John Perkins stood up at a planning meeting for a Billy Graham crusade in Jackson, Mississippi, in 1975.

The Black pastor and civil rights activist was invited to the meeting, along with a group of African American clergy from the area, because Graham himself had insisted the evangelistic event would be desegregated. Black and white Mississippians would hear the gospel together. Perkins loved Graham and his powerful gospel message, and he was excited to hear that the world’s leading evangelist was taking practical steps to end segregation in the church.

So he went to the Holiday Inn in Jackson and sat down on the Black side of the conference room, with all the Black pastors, and looked over at the white side, with all the white pastors.

Then he stood up.

He asked the white pastors whether their churches were committed to accepting new converts from the crusade into their congregations if the born-again brothers and sisters were Black.

He didn’t think they were ready for that in Mississippi. And if they weren’t ready, he didn’t know whether he was either.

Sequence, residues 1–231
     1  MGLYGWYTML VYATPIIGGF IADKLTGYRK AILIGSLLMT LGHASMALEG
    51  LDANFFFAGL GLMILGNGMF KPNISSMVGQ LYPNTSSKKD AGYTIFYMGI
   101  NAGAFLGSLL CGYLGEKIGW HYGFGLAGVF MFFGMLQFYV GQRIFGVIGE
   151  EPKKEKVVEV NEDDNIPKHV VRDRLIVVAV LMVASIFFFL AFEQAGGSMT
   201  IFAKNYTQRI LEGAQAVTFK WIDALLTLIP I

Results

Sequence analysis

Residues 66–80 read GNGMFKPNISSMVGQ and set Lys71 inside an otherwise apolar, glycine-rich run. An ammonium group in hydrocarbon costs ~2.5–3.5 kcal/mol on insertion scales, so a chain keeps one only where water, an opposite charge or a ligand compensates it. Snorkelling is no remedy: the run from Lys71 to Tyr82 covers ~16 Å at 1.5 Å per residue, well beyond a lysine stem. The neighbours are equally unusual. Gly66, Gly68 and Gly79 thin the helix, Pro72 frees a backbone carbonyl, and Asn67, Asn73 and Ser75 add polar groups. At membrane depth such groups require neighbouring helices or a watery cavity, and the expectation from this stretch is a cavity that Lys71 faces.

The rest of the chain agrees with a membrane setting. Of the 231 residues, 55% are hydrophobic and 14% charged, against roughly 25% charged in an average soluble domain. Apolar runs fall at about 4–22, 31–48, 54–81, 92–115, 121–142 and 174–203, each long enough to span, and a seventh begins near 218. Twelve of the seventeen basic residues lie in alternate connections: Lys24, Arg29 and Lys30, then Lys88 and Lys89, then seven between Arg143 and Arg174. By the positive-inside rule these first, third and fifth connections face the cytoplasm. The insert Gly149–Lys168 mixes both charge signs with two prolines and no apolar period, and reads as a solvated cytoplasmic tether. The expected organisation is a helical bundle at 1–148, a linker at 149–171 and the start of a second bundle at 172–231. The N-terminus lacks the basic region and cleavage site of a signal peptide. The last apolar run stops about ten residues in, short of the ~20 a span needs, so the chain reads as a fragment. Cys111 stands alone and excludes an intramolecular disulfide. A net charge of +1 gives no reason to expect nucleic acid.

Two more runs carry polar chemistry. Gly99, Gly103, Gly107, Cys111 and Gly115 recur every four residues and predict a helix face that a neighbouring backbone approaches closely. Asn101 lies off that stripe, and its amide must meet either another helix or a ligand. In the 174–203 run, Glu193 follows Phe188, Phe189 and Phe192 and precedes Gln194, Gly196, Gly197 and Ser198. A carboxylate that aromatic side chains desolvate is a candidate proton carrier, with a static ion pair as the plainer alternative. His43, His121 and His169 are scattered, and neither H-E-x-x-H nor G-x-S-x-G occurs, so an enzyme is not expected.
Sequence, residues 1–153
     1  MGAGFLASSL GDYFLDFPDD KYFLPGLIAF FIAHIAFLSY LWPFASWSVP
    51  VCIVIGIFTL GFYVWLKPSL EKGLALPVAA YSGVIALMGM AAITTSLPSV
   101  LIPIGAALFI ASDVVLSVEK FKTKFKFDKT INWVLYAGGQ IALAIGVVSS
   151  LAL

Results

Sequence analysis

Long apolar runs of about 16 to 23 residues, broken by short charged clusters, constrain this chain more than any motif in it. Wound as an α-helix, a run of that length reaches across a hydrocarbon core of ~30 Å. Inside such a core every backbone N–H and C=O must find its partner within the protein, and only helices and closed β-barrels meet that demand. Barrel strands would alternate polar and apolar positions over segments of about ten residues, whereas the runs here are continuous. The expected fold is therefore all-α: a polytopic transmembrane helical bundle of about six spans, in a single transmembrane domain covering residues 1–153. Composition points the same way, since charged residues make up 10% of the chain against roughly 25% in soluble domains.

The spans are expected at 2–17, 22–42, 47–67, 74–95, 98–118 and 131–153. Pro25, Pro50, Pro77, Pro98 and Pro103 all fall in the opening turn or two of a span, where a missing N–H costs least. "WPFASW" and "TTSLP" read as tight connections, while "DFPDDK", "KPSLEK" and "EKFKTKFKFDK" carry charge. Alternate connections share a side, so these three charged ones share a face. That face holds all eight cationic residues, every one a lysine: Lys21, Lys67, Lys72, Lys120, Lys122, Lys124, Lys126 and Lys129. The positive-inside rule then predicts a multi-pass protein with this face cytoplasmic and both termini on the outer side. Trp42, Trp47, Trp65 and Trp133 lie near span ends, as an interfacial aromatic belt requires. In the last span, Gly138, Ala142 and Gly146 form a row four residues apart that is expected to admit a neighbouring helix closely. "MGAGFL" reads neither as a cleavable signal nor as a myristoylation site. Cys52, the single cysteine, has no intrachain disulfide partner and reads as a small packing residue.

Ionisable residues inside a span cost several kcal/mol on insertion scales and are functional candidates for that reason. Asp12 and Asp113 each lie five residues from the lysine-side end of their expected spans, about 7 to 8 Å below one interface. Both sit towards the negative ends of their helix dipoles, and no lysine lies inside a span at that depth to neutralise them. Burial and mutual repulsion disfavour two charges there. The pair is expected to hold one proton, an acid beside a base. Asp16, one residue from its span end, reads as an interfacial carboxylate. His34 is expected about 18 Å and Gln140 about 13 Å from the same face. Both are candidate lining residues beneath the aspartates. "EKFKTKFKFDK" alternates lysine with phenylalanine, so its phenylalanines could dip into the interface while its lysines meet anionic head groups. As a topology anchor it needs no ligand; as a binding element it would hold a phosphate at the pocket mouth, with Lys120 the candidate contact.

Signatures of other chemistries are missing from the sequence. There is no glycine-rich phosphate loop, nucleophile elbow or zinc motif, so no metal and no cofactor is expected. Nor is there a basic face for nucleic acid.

“I don’t know whether or not I want to participate,” Perkins said, “in making the same kind of white Christians that we’ve had in the past.”

He was thinking of all the white Christians who had closed the doors of their churches to Black people. And the white Christians who had supported the Mississippi Plan to stop Black people from voting so they could, as one state legislator described it at the time, “establish white supremacy in the State, within the limits imposed by the Federal Constitution.”

He was thinking of the white Christians whose only response to racist violence perpetrated on Black bodies was ...

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